• Report

Food safety audits, plant characteristics, and food safety technology use in meat and poultry plants

Citation

Ollinger, M., Muth, M., Karns, S., & Choice, Z. (2011). Food safety audits, plant characteristics, and food safety technology use in meat and poultry plants. (Economic Information Bulletin No. (EIB-82)). Washington, DC: U.S. Department of Agriculture, Economic Research Service.

Abstract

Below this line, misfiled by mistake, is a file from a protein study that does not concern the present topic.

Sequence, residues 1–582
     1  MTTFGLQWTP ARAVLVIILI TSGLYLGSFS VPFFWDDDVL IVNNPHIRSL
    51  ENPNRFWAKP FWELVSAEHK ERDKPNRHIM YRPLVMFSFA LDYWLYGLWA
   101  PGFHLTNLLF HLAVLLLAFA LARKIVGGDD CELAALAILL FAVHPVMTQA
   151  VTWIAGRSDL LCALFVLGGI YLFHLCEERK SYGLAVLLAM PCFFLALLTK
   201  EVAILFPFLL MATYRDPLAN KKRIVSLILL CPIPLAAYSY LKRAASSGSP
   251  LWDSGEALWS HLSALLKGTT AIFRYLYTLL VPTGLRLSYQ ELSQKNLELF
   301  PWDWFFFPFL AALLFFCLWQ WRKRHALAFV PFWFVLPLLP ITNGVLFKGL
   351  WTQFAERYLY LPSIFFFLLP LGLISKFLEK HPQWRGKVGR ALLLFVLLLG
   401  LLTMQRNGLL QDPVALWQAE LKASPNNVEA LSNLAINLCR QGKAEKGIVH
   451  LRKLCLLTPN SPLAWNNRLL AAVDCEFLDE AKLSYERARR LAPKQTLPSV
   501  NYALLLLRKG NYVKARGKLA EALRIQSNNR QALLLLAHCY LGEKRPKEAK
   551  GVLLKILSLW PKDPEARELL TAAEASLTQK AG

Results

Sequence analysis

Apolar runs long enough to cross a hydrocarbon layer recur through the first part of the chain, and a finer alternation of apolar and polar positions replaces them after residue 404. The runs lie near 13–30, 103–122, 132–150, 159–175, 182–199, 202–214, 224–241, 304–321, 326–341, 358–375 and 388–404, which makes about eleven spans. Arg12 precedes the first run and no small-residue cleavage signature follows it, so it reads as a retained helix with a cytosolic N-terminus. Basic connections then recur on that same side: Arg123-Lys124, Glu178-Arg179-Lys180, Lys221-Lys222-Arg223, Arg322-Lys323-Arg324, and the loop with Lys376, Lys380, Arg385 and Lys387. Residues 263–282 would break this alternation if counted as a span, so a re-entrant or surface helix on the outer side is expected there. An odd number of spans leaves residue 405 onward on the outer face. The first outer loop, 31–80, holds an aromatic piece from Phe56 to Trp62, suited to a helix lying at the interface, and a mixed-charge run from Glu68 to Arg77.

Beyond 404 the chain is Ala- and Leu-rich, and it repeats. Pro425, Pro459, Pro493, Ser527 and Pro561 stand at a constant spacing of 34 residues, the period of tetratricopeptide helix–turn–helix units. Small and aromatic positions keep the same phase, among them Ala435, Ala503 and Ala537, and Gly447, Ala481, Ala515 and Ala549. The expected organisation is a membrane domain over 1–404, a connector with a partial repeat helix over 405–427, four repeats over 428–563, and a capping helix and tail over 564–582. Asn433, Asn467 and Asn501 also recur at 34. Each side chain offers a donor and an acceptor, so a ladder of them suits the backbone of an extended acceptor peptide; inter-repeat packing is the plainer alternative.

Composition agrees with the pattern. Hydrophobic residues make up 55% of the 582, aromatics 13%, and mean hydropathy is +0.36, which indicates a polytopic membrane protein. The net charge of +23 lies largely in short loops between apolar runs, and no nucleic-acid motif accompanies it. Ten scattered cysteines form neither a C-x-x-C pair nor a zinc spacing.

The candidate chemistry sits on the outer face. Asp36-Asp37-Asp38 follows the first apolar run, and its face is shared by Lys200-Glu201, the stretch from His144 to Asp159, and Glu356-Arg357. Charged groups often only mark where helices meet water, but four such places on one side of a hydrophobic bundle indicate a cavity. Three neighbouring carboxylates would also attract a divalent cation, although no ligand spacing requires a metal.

Food safety technology can increase a company’s capacity to prevent a foodborne contamination. A food safety audit—a quality control tool in which an auditor observes whether a plant’s processing practices and technologies are compatible with good food safety practices—can indicate how effectively food safety technology is being used. Fast food restaurants, grocery stores, and other major customers of meat and poultry processing plants conduct their own audits or hire auditors to assess the soundness of a plant’s processing operation. Meat and poultry plants can also audit themselves as a way to help maintain process control. In this report, we document the extent of food safety audits in meat and poultry processing plants. We also examine the associations between the use of audits and plant size, firm structure, and food safety technology use. Results show that larger plants, plants subject to food safety audits, and plants that are part of a multiplant firm use more food safety technology than other plants. Plants subject to both plant-hired and customer-hired audits had greater technology use than single (plant- or customer-hired) audit plants.